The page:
Over the years, fusion cooking has become so abused that many restaurateurs sound a bit apologetic when they use the term to describe their food.
But now, so many restaurants – Asian and Western – mix up cooking styles and ingredients from different parts of the world in their cooking, it is often no longer something to be remarked on.
Still, not many push the concept as boldly as Xin Divine, a modern restaurant that opened in Duxton Hill about two months ago.
Owner Jolin Lee ran a private-chef outfit for two years before deciding to sink roots in a restaurant.
And as she already works with a chef who cooks French food, another who cooks Sichuan dishes and a third who does Cantonese cuisine, she decided to put them all in the kitchen.
They put their heads together and came up with a menu that is evolved from classic Chinese dishes, updated with new cooking methods and plated like Western fare.
So, you get something called Sichuan Style Tortellini ($18), which is inspired by the spicy dumplings from the Chinese province.
However, the chilli oil is turned into a foam with reduced oil and heat, leaving the sauce to taste more of black vinegar. The dumpling is filled with minced kurobuta pork and wrapped like an Italian tortellini. It looks Western, but tastes unmistakably Sichuan.
Then, there is Grilled Octopus Tentacles ($18), in which the tentacles are sprinkled with cumin powder for a Sichuan touch. What looks like pasta strands under the octopus are thinly sliced yellow beancurd, another common Sichuan ingredient.
What could easily have ended up as a gimmick does not because the chefs get the flavours right most of the time. They are recognisable, yet not copies of the dishes that provide the inspiration. That makes the food here exciting and impressive.
This would include the Chinese Wine (Nu Er Hong) Shark Bone Soup ($28). The soup is a typical collagen-filled broth brewed with baby abalone, dried scallop and baby Chinese cabbage.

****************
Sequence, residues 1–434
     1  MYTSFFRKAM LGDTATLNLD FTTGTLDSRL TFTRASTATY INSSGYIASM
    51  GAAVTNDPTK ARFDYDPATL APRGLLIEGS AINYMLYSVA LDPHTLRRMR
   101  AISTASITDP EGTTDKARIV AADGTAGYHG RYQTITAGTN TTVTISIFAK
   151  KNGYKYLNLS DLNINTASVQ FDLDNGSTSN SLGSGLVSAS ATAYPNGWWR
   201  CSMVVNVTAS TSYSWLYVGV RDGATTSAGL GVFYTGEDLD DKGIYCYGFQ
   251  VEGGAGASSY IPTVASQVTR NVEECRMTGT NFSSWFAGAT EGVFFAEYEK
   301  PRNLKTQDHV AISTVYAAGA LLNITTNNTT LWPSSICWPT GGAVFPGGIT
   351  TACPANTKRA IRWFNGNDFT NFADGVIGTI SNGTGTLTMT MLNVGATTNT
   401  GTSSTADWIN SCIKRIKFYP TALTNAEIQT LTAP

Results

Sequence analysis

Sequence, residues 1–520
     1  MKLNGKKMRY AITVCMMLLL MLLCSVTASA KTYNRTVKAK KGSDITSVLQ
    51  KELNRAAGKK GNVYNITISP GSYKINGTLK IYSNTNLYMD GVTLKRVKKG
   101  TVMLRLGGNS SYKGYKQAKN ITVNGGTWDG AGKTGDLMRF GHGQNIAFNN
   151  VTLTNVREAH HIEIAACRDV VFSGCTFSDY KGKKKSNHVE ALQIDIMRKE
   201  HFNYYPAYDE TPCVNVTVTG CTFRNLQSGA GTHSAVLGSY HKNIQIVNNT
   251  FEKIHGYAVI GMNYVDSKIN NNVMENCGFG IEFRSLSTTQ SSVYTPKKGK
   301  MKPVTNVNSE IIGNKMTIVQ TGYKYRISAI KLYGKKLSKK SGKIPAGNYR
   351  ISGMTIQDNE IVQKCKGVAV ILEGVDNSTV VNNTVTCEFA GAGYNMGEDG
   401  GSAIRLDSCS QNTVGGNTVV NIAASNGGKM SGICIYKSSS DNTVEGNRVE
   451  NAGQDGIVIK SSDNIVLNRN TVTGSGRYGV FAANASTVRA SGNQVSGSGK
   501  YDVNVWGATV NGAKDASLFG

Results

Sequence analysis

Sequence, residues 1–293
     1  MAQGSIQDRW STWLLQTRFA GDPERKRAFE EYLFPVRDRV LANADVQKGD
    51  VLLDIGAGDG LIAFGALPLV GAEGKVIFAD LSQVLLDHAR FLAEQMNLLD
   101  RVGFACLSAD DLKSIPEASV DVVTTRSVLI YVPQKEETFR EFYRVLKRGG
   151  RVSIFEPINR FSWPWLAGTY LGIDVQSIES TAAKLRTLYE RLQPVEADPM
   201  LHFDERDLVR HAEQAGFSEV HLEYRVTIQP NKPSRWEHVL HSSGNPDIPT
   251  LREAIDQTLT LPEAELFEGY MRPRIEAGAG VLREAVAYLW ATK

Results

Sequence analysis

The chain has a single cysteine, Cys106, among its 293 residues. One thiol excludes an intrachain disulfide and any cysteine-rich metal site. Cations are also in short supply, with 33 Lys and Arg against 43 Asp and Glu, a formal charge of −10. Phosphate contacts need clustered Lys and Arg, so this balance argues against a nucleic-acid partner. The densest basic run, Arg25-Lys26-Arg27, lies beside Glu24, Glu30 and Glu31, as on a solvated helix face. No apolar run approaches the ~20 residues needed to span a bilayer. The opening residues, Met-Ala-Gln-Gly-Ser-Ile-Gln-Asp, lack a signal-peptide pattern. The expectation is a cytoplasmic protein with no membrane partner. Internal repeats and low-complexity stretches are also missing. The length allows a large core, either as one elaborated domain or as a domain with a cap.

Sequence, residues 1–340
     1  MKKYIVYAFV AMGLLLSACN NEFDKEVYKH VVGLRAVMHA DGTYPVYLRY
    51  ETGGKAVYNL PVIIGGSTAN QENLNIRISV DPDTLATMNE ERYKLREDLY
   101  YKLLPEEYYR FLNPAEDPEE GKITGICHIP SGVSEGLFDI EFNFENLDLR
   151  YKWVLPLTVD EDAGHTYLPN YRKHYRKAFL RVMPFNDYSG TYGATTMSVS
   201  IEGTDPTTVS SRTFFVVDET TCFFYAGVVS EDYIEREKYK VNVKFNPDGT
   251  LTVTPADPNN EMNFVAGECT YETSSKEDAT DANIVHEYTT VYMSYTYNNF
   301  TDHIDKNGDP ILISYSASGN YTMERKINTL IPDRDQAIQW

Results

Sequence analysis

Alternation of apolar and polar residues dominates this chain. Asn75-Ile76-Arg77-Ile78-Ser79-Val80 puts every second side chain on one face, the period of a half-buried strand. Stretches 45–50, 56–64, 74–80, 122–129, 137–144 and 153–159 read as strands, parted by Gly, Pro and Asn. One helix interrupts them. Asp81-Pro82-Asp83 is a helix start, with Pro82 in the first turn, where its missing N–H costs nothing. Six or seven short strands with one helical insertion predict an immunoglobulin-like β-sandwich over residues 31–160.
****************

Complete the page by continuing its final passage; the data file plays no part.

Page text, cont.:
Inspired by how some people would add brandy to their shark’s fin soup, the restaurant serves the dish with a small cup of nu er hong.
One is encouraged to first taste the soup on its own (good), then with half the wine added to it (better) and, finally, with all the wine poured in (not so good again, unless you are an alcohol fan). The halfway point is the best because the Chinese wine perks up the broth without drowning out its flavours.
Only one dish does not work for me. The Secret Recipe Chilli Lamb Rack ($36) is based on the aromatic spicy grilled lamb from China’s western regions, but it falls flat in comparison. The sous-vide meat is bland and though it is topped with a nice paste of ground dried chillies, the flavours do not meld.
The serving sizes are for one person, which means small. Besides a la carte, there are two dinner set menus at $98 a person for six courses and $128 for seven courses. Because the portions are the same, the sets offer better value.
The menu also includes a selection of snacks meant for the first-floor bar, which is not fully operational. These ironically come in much bigger portions because they are meant to be shared.
The two I try are excellent, though the Signature Sichuan Chilli Chicken Chunks ($16) may not be everyone’s cup of tea.
It is a traditional rendition of laziji, often called firecracker chicken in Western menus for its fiery spiciness. It gets my mouth numb and my brow beading with sweat. I love it, but I have a feeling not everyone can take the heat.
The other is the restaurant’s unique version of XO Carrot Cake ($12), in which the pieces of rice cake are covered in a batter of mixed flours and deep-fried till crispy.
They are then tossed with shrimp in a housemade XO sauce of dried scallop and Parma ham. The dish is unlike any served elsewhere, but is good in its own way.
The elegance in the cooking and plating is reflected in the restaurant setting. The second-floor dining room is covered in pastel hues and flowing swathes of fabric hang from the high vaulted ceiling.
The soft ambience works whether one is there for a romantic dinner, a business gathering or a meal with friends. I do not see it as a place for family dinners, but that could work, too, if one does not have kids or old folk who may find it difficult to negotiate the flight of stairs.
Xin Divine is different, but it is also familiar. Unlike some experimental restaurants where I go, “oh, how interesting”, after tasting the food, but have no desire to eat it again, I have been thinking about a number of the dishes since eating there twice.
Because it delivers what, for me, is most important regardless of cuisine genre – good food.